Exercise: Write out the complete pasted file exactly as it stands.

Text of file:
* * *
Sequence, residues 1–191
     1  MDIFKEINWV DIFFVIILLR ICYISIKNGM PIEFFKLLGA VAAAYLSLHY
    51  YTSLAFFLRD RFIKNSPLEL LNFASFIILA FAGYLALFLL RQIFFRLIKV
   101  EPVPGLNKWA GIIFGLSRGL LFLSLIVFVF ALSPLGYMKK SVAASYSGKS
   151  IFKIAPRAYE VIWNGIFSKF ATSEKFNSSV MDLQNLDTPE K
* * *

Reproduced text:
Sequence, residues 1–191
     1  MDIFKEINWV DIFFVIILLR ICYISIKNGM PIEFFKLLGA VAAAYLSLHY
    51  YTSLAFFLRD RFIKNSPLEL LNFASFIILA FAGYLALFLL RQIFFRLIKV
   101  EPVPGLNKWA GIIFGLSRGL LFLSLIVFVF ALSPLGYMKK SVAASYSGKS
   151  IFKIAPRAYE VIWNGIFSKF ATSEKFNSSV MDLQNLDTPE K